Ron Prestage admits he is a bit nervous about the opening of his company’s hog processing plant, scheduled for March 4.
“We had originally planned to start next week, but things got delayed for a variety of reasons,” he said. “The technology in this plant is incredible, so there are still some things we need to do before we can get rolling.”
The Prestage Foods plant, located near Eagle Grove, Iowa, will add an additional 10,000 pigs per day in capacity for Midwestern producers, or roughly 50,000 per week.
Prestage said with a faster line speed, that capacity could grow to 12,000 hogs processed per day.
“We have told our contractors that we will start taking hogs the first week of March,” he said. “We are doing that even though it means taking our own hogs to other markets. The contracted pigs are our priority.”
The north central Iowa plant will eventually employ between 400 and 450 people, Prestage said. He said 50 to 60 have already been hired and will oversee production.
“I’m scared to death when it comes to labor,” Prestage said. “We are trying to hire a secure and stable labor force, and I’m confident we can get that labor to start the plant. We just need to be able to keep it.”
The opening of the Prestage Foods plant adds to a hog packing capacity that has seen growth over the past couple of years, including new plants in Sioux City, Iowa, and Coldwater, Mich.
The timing has been perfect as record numbers are being marketed, said Steve Meyer, economist with Kerns & Associates in Ames, Iowa.
“A couple weeks ago, we slaughtered 2.717 million head, which was the largest week ever,” he said. “We still have big numbers coming next fall, but we are in good shape when it comes to packing capacity.”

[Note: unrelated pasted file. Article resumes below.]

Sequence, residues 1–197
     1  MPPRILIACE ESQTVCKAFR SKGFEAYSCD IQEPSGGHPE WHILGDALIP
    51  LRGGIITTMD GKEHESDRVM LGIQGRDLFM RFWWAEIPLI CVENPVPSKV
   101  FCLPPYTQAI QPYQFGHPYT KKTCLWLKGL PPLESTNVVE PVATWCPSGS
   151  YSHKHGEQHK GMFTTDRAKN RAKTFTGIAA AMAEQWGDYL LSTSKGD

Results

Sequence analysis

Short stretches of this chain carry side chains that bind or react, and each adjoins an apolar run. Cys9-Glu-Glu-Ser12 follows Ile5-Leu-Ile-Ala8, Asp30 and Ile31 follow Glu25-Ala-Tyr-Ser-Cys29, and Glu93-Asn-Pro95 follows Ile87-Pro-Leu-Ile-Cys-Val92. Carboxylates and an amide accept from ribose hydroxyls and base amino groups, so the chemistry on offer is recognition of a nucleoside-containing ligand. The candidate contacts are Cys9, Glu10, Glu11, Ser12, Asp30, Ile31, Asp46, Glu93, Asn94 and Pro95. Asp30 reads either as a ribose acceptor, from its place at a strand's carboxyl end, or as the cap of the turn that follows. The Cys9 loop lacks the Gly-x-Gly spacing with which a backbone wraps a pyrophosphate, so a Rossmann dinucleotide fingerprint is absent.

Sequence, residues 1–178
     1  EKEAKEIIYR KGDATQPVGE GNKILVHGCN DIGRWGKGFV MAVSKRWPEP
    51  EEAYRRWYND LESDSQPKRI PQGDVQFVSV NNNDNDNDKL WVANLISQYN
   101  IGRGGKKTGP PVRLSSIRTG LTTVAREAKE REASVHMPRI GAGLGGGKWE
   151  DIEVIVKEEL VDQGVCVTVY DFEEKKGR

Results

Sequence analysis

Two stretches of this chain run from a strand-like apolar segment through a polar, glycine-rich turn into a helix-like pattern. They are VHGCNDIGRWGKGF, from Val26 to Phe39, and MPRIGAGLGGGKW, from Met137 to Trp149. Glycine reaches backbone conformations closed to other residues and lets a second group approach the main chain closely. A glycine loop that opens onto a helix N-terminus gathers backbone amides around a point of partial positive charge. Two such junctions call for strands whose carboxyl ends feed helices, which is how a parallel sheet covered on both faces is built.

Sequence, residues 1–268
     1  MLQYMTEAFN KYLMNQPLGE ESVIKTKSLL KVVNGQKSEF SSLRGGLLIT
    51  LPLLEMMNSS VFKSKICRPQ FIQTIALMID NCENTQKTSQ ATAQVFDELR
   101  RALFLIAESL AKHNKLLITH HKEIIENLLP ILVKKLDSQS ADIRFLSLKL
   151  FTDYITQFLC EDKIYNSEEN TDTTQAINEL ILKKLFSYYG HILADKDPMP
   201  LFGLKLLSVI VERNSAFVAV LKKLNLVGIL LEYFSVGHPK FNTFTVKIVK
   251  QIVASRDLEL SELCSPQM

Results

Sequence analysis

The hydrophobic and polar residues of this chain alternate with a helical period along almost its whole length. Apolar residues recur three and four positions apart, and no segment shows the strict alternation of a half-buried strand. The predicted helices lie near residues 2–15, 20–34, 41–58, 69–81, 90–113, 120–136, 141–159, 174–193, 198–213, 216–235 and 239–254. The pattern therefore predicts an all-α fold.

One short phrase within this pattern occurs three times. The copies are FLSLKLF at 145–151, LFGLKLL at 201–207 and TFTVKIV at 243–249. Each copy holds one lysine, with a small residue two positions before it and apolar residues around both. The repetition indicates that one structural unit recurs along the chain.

Meyer expects hog numbers to grow by about 3 percent in 2019, which will keep plants busy. In addition to the Prestage plant, the Seaboard Triumph Foods plant in Sioux City continues to add to its second shift production.
In addition, Hormel Foods has sold its Fremont, Neb., plant to WholeStone Foods, a company based in southwest Minnesota that is affiliated with the Pipestone System and is largely owned by producers.
Meyer expects that plant to be functioning sometime in 2020, at the earliest.
On the beef side, packer profits continue to be high, said Lee Schulz, Extension livestock marketing economist with Iowa State University. He said a reduction in packing capacity from 2013 to 2015 has created a healthy situation for packers.
“There is a great deal of competition right now for fed cattle,” Schulz said. “We don’t see any short-term problems with capacity, but we could see some issues if we continue to grow in the future.”
Both export and consumer demand for beef remains very strong, he said.
“If we see new capacity, I don’t think we will see the large plants that were built in the past,” Schulz said. “I think we will see plants geared to a more specific market, like what they are doing in Tama (at the Iowa Premium Beef plant) — providing high-quality beef for the food service industry.”